How to Breeze the Group Photos at Weddings
I get asked this a lot: “Would you mind taking a few wedding group photos?”
Maybe there are stories abound of egotistical photographers who are less than enthusiastic when asked to organize a few formal photos, because it goes against their ‘artistic vision’ (eye roll) and maybe I come across that way with my online presence (I really hope not), but the simple answer is: Of course I don’t mind! Being your photographer means that if you wanted me to take hundreds of pictures of you posing in a field then I’d do it, and if you wanted me to Photoshop in some fairies and unicorns, I’d do that too. I say this from a place of safety because if you did want a prolonged series of wedding cheese, you wouldn’t have made it this far.
Admittedly, these formal photos aren’t the most exciting part of the day with the job being more akin to a herder of humans than a photographer of them, and it’s a bit of a downer for the newlyweds too, having just been err newly wed, all they want to do is to celebrate with their loved ones who are dying to give them hugs / hand shakes / fist bumps.
However, for some people (often parents and and grandparents) these pictures are important and bearing in mind how quickly these group photos can be done, it would be remiss of me to not take their feelings into account.
As you can see from the pictures scattered around this page, formal pictures don’t have to be stiff and awkward. Getting people into close proximity with each other gives plenty of opportunities for moments to develop and in the hands of an attentive observer, some wonderful snapshots can be taken.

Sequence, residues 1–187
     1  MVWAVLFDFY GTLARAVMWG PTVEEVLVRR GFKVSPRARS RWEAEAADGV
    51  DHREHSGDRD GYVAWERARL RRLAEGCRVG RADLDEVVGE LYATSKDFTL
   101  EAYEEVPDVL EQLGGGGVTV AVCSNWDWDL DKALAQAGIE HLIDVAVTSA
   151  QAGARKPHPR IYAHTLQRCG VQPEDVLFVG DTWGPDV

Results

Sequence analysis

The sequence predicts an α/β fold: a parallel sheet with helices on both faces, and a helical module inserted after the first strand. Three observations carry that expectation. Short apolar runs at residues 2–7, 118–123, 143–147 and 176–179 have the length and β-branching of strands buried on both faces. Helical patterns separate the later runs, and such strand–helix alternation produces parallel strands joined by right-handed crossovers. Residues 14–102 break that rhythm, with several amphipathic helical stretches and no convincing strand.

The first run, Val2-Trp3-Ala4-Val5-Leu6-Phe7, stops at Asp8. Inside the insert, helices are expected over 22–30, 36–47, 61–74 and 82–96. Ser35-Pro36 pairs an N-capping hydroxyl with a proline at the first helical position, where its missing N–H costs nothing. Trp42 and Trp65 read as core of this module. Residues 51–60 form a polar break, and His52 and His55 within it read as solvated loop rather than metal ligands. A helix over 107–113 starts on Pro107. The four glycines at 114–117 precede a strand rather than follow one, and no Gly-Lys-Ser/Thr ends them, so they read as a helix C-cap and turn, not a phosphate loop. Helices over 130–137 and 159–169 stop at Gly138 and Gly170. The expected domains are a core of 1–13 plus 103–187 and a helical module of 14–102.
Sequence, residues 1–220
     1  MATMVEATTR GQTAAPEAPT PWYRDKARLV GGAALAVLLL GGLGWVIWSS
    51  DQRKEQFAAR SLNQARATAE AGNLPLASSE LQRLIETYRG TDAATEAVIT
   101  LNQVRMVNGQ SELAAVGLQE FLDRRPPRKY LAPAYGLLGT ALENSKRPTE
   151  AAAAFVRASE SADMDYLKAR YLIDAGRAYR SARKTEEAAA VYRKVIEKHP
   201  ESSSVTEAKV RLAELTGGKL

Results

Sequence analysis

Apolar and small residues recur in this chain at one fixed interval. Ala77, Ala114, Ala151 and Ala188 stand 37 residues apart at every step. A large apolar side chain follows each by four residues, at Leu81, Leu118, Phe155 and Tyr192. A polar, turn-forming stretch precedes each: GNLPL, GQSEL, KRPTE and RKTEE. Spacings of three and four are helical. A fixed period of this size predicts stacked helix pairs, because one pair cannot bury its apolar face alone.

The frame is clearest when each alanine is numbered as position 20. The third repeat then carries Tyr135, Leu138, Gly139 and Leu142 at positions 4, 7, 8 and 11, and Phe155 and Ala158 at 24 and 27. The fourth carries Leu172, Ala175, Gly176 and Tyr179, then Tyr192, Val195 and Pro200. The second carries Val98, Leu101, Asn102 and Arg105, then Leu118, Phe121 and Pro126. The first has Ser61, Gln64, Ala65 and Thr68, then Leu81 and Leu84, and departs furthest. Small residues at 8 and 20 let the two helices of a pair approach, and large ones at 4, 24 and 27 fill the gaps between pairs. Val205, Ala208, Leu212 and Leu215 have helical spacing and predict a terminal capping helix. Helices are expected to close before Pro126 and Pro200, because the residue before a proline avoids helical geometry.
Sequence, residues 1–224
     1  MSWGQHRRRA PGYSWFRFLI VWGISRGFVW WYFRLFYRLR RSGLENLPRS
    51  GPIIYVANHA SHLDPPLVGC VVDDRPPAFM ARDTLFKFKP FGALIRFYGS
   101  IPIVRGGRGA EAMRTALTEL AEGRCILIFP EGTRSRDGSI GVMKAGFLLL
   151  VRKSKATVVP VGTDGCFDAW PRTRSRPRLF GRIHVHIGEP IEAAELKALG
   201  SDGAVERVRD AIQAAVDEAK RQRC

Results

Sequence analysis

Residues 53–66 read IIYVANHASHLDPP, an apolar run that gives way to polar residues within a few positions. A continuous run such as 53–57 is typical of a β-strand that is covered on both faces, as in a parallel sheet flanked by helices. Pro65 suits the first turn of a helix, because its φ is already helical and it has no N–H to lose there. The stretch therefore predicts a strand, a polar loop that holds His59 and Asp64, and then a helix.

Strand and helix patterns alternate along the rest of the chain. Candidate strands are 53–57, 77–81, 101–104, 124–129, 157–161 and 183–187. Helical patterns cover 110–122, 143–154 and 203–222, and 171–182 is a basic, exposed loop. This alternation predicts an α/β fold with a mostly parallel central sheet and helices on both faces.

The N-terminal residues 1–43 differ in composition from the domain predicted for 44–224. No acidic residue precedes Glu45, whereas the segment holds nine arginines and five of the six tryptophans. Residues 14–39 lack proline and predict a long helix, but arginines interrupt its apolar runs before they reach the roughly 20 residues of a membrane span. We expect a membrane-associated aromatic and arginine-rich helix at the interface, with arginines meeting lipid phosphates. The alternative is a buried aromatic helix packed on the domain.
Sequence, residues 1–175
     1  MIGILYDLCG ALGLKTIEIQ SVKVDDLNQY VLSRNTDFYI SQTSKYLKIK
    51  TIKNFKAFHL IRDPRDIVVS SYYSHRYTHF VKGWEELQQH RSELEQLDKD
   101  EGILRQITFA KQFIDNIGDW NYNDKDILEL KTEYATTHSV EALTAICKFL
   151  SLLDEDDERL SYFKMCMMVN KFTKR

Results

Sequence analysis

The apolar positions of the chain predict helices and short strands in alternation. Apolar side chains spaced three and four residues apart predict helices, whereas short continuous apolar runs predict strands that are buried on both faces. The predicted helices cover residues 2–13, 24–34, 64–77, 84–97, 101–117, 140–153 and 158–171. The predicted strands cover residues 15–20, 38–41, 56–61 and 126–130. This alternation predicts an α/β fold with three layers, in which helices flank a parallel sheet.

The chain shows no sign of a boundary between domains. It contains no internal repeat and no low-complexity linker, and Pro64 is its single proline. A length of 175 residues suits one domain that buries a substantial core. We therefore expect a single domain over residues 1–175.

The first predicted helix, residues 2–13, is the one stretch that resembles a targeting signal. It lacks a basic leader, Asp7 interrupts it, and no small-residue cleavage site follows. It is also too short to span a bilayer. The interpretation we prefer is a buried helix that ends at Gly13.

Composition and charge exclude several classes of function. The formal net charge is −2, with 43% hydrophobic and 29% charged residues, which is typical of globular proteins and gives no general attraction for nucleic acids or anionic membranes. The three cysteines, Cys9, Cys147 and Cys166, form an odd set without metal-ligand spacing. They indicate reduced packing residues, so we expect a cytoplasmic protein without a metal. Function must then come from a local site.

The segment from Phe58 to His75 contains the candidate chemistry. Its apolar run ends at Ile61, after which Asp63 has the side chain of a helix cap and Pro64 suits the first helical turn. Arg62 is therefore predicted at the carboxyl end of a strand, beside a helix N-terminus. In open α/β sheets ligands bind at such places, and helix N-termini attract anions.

So what’s the best way of handling group shots? A little prep goes a long way:
1) Choose a specific time when the relevant people are gathered in the same location. Traditionally this is straight after the ceremony. I don’t recommend doing this when canapes are floating around or close proximity to a free bar, if it can be helped.
2) Make sure people who are to be in the pictures know they will be in the pictures and that there would be hell to pay if they’re not there.
3) Give your photographer a shot list in advance. They’ll be able to give you guidance on what’s manageable in your timeframe and how much help they’ll need to make things go smoothly. Which leads me to…
4) Give your list to someone (or someones) who is organised and likely to know the family. Failing that give it to someone who can shout loud. They would be responsible for ushering in the next group as the current group pictures are being taken.
Easy peasy, isn’t it? And cheeeeeeeese….